One of the most elusive qualities in radio documentaries is surprise. It’s elusive because the harder you chase it, it seems, the further away it is. It’s elusive because you can’t plan surprise. Planning is all about managing outcomes. And by definition, surprise is all about the unexpected, something beyond our control.
Of course, there are those who try to force surprise. Reality TV traffics in it. You know the deal. A woman recites her painful story in front of a studio audience. “And what would you say to your brother if you could see him again after all these years,” asks the host. Close up of the woman. Cut to long lost brother waiting in the wings. And, then…well, you know what comes next. It’s not that the tears and hugs aren’t genuine. The reunited sister and brother are surprised. The problem is, we aren’t.
For there to be authentic surprise, the unexpected must happen. This poses a problem for the radio documentary maker. You can’t plan surprise. You can’t force it. You shouldn’t contrive it. What you can do is open your process up to surprise, and secondly recognize it when it happens. Consider this clip from The Secret, a documentary by my friend and colleague Carma Jolly. Here’s how it begins.
I love that opening. In 30 seconds you get this rich picture of Jarrod. Not the whole picture, but enough to want to know more. The screwed up ID could have landed in the outtake pile. But at some point, Carma recognized there was something telling in that moment. The lesson? When things go wrong, step back and sniff out the opportunity. What does the unplanned reveal?
I’ve listened to, and made, far too many documentaries that unpack information efficiently, but in which nothing happens. That’s a failing. At the heart of storytelling is that moment to moment quality in which “something happens.” Of course, that’s what a page-turning novel does. And that’s what the great radio documentaries do.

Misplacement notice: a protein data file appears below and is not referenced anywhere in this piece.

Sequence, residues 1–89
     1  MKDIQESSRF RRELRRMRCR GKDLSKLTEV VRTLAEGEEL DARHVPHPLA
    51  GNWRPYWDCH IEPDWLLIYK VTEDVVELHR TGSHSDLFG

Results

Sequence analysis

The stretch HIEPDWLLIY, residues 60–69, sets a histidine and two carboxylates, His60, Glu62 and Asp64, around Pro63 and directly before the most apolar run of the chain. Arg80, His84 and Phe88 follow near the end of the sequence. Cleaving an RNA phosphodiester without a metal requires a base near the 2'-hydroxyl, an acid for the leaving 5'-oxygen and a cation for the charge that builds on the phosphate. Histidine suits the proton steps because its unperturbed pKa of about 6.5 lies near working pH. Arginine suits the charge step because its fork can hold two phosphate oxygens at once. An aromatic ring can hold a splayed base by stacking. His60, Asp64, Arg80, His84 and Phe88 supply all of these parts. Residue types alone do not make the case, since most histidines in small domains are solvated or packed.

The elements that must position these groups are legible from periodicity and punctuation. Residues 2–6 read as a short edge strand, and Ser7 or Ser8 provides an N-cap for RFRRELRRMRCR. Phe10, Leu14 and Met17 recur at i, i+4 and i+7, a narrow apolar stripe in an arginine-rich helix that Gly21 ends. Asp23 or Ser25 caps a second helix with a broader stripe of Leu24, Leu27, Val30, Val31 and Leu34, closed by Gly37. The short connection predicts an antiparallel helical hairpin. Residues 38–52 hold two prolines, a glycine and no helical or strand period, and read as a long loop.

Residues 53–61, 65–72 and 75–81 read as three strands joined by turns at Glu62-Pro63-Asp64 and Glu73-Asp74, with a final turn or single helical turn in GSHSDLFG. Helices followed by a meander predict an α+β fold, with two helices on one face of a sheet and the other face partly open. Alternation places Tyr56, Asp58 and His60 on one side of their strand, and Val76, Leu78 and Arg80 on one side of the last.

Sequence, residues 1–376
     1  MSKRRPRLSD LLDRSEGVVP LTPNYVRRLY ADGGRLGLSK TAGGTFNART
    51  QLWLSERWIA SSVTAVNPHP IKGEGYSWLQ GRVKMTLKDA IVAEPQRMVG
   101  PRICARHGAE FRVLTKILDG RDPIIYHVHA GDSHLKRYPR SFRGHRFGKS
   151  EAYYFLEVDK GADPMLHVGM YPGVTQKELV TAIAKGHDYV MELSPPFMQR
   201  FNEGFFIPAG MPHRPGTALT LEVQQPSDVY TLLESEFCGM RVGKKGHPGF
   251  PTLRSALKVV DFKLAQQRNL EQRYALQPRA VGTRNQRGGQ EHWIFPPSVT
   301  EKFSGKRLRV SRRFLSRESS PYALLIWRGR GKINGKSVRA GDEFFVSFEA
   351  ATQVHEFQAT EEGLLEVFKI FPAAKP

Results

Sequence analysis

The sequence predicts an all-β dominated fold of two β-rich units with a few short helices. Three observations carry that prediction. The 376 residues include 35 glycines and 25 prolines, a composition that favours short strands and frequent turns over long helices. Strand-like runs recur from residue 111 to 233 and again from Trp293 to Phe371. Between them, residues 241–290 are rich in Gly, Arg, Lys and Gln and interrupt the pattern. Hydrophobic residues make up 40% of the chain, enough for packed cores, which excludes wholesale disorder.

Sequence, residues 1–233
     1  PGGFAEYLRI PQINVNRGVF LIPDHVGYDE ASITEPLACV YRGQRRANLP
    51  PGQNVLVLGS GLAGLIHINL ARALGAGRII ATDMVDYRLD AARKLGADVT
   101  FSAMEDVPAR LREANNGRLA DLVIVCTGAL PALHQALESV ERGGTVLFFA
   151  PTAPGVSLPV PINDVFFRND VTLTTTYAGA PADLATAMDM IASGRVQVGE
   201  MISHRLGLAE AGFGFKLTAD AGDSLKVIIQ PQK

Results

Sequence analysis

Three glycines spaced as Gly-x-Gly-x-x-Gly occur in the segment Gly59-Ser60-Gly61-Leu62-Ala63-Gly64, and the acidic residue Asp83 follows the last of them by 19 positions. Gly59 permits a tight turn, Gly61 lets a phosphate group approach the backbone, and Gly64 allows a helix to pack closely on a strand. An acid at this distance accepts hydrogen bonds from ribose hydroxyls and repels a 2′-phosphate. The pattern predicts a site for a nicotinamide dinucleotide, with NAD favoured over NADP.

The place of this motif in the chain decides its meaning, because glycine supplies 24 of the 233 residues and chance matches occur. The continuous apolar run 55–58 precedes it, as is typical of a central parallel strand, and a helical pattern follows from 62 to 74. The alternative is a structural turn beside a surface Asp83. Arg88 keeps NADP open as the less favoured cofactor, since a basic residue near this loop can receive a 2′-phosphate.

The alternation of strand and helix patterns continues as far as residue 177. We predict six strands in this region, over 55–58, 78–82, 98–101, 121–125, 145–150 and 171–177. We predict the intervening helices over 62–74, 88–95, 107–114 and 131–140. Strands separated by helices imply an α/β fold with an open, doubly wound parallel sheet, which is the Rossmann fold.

So how do you accomplish that? One building block for radio storytelling is the scene. What’s a scene? Action unfolding as we listen. It doesn’t have to be something big. Recently I listened to a charming documentary by Josh Pagé about two guys in an ice fishing shack, bantering as they waited for a fish to bite. Not a lot happened. But every so often they’d get a nibble, or they’d see a fish through the ice, and they’d get excited. That was the action. But you never knew what was going to happen next, or how it was going to end.
A somewhat different example of surprise would be Elizabeth Arnold’s recording in the Great Bear Rainforest from the series Stories From the Heart of the Land.
When you keep rolling, and keep talking, you never know what’s going to happen next.
In 2008 Teresa Goff and I led a radio workshop for a group of aboriginal youth in Alert Bay, BC. Our hosts set us up for the week in an old classroom in the derelict former residential school. It was a creepy place. We asked 17-year-old Alvin Stevens to do a walkabout the halls. Record what you see and just keep talking, we asked. Here’s what he delivered – unrehearsed, unedited.
I have never heard such an eloquent description of the residential schools before or since…a complete surprise in its spontaneity and emotion. (Click here to listen to the full piece.)
One last example, slightly different. I was working with Emelia Symington Fedy on a piece about her brief, enchanted time on the south sea island of Maevo. We needed some way of describing how remote it was. I asked her to go to the main library in Vancouver, recorder in hand, and find Maevo in an atlas. It sounded like this.
That lover’s sigh? There is no way that either of us could have predicted that. It was gold. All we could do was court the possibility of something happening. …all of which leads me to my final point.
We are all obliged to plan when we make documentaries. Commissioning producers are stressed with deadlines and trying to squeeze as much as they can from a tight budget. They expect a plan. It means one less Rolaid to pop. If you are a field producer, a certain amount of planning is essential if you’re going to deliver the goods, and not waste your time. So planning is fine. But over-planning? Not so much. If we plan our stories within an inch of their lives, we will be blind us to those moments of opportunity, moments when the plan goes wonderfully surprisingly wrong.
Radio thrives on the live moment. A bear attack. An angry sibling. An atlas inspired reverie. Would that such blessed events happened more often. Would that we are always rolling when they happen.
Enjoying this feature?
Help Transom get new work and voices to public radio by donating now.